Account Draculas: We slay 5 savings myths
Hello and welcome. Pull up a chair and warm yourself by the fire. This Halloween night, we’re going to discuss some dastardly business that may be holding your finances back from reaching their true potential. The horror!
As we head into the deepest and darkest part of October, we’ve heard rumours of some evil myths that are misleading victims when it comes to saving their money. It’s said that they creep up on innocent savers and then sap away any enthusiasm they had for growing their finances for a rainy day.
To put an end to this madness, we’re going to sharpen our stakes and hunt down five savings myths, so that you may once again put your money away in peace.
Myth: You need a large income to save money
Truth: While those with a larger income may have more flexibility to put extra funds aside, it’s important to know that it’s worth saving money even if it’s just a little. In fact, saving just a small percentage of your income can help you to build up a pot of money.
When you’re just starting out, saving is more about building a good habit that will help you in the long run, rather than how much you’re putting away. Then, when you can afford to put more into your account, you’ll already be in a positive place to capitalise.
Myth: You should be debt free before you start saving
Truth: This myth can be misleading and is very black and white. You don’t need to be 100% debt free before you can think about saving some money.
It’s important to say upfront that you need to cover any important, must-pay debts, such as a loan or mortgage. Likewise, you should prioritise any expensive debts with high interest rates that could be very costly over the long term.
However, if your budget allows, it can be useful to put some money aside, even while you’re paying back debt. Your first aim should be to build up an emergency fund to cover any unexpected life costs. A good general rule is to save three to six months’ worth of expenses to ensure you have enough should life put an obstacle in your way.
Myth: You must save a set amount every month
Truth: Many people think that you need to save a set amount of money each payday, but this isn’t always true. It’s more important to save in a way that works for you.
Saving the same amount of money each month will work for some people, but not for others. For example, you might have a variable income, your income might be irregular or your expenses may go up or down every month. Whatever the reason, it’s important not to put pressure on yourself to do something that isn’t compatible with your life or will stretch you financially.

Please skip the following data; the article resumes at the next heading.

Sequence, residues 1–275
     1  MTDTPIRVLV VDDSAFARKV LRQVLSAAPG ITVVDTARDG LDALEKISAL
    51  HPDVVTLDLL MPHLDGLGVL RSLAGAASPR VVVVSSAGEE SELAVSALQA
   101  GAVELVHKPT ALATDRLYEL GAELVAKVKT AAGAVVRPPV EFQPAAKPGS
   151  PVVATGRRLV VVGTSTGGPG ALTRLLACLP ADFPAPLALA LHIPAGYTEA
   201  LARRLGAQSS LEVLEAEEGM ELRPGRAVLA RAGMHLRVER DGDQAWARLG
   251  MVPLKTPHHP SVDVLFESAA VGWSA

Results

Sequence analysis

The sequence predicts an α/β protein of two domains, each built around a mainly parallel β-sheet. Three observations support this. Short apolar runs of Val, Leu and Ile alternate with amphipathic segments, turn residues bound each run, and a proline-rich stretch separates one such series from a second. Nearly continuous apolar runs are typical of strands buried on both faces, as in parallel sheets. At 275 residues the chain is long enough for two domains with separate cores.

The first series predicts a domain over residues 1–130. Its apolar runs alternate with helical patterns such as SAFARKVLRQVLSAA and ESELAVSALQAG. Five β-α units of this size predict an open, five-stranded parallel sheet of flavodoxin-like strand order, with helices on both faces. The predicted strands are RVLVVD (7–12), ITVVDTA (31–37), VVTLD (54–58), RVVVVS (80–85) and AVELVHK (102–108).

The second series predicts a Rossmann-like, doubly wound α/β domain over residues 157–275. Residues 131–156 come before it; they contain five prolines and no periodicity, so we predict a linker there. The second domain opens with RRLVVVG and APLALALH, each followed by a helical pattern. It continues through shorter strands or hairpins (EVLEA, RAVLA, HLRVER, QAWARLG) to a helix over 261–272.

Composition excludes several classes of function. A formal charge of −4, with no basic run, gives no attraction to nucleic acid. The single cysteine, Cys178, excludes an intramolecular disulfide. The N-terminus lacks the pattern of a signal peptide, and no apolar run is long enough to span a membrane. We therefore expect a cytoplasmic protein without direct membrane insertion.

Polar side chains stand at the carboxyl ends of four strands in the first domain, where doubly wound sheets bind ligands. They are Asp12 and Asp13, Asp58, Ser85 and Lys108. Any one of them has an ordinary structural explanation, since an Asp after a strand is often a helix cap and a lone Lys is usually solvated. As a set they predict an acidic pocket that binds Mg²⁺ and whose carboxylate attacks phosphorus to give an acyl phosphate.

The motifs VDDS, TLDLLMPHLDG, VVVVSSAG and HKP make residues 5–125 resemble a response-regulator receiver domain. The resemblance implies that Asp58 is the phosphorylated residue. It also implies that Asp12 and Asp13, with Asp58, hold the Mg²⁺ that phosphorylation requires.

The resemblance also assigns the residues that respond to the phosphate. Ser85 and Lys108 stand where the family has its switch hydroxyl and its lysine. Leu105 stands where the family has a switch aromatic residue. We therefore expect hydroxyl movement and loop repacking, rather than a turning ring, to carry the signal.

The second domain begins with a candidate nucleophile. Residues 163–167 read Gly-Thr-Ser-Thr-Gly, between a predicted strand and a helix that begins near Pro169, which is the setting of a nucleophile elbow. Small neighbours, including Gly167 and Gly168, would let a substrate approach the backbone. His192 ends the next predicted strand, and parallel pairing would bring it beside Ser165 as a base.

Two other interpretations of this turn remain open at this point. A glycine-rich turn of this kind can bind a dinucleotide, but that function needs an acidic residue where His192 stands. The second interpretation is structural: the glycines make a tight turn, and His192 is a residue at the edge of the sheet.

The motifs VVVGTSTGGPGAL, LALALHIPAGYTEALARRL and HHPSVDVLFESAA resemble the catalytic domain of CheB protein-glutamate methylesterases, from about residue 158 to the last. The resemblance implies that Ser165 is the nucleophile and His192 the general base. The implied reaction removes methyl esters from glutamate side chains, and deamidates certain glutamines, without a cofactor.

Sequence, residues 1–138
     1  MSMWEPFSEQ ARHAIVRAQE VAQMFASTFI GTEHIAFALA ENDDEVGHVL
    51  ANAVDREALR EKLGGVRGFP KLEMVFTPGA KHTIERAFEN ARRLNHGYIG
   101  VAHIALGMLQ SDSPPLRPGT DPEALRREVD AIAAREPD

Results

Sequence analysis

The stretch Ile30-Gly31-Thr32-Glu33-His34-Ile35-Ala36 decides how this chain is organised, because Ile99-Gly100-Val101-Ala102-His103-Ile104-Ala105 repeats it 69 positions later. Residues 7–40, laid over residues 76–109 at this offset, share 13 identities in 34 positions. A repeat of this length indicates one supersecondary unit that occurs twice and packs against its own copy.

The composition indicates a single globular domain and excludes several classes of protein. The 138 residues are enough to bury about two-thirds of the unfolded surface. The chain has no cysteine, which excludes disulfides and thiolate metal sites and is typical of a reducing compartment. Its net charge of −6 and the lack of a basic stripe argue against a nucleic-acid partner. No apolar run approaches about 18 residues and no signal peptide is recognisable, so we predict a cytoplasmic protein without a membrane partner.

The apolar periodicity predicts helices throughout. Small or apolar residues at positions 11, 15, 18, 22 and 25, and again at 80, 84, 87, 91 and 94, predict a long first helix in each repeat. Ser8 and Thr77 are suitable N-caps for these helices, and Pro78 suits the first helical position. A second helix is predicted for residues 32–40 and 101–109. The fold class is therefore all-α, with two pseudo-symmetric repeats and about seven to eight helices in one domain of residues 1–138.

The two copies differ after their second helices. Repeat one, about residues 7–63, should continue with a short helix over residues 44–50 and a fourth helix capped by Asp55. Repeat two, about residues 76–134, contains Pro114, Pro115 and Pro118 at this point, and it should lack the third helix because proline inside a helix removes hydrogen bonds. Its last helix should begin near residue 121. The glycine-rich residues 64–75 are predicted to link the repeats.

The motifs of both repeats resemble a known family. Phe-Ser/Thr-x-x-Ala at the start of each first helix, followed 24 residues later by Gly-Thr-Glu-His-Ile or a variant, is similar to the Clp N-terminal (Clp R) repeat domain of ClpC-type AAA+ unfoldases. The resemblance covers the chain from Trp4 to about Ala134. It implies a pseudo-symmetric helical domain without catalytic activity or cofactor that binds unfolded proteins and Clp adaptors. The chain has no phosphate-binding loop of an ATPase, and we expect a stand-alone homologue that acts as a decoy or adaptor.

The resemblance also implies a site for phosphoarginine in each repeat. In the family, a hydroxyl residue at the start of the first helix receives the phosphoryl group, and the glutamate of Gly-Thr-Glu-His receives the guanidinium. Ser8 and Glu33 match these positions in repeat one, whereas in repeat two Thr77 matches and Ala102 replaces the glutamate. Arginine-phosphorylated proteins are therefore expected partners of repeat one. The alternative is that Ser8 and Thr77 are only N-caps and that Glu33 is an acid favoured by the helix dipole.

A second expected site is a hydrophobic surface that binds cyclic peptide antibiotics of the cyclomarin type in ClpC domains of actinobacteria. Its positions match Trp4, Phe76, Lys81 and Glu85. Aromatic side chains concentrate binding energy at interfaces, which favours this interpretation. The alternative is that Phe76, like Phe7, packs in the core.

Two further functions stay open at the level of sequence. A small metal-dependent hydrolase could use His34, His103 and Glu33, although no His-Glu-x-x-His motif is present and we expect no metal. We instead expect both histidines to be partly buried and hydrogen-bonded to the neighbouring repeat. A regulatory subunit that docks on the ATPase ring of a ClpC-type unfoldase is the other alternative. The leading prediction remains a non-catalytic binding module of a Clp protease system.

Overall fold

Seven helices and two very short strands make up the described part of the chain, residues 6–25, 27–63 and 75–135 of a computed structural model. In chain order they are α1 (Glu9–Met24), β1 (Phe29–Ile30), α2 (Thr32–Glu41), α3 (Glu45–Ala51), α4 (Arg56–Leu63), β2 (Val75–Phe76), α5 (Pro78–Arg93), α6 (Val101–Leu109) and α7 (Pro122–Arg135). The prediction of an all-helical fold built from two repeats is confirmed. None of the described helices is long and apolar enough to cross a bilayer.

Putting away a little or a lot at your own pace is definitely a valid way to save. Easy access accounts, like our Instant Saver, are a type of savings account designed exactly for this purpose. You can put away however much you want, whenever you want, ensuring that you have as much flexibility as possible.
Myth: Saving means making sacrifices
Truth: No, saving money doesn’t mean that you need to sacrifice things in life, at least if you save sensibly within your comfort zone. It’s all about finding the right balance between spending and saving, and getting there likely means doing a bit of budgeting.
Start with your monthly take home pay. Then work out how much you need to spend on essentials each month, like housing, food and bills, and subtract it from your monthly income. Do the same with any other debt repayments. You should be left with your discretionary income, which is the money left to cover non-essential expenses or to put away in savings. With this figure in mind, you can balance spending on luxuries and how much you choose to save, safe in the knowledge you can maintain your basic lifestyle.
Myth: Once saved, you should not touch your money
Truth: This is not completely true and will be different for everyone depending on their circumstances. If you can comfortably keep adding to your savings without dipping into them, then you can probably leave your money be. However, if you occasionally need to access your savings to cover some expenses, you can’t stick to this rule. Neither method is wrong — it’s about doing what works for you.
Once you’ve established your needs, you can choose an account to meet them. We’ve already mentioned that an easy access saver is a useful option if you need flexibility in withdrawing money. With a lot of these products, you can access funds at any time, so they are definitely a good match if you regularly dip into your savings.
If you’re happy to keep savings until you need them, you can choose from products that include access limits in exchange for benefits, such as a higher rate of interest. For instance, a fixed savings account, like our Fixed Saver, allows you to lock money away for a set term while it earns interest. You won’t be able to access your money until the term ends, but your money will work harder by growing at a competitive rate.
So ends our fireside chat. With these five myths slain, innocent savers can once again put aside their money without fear of being misled. Happy Halloween!
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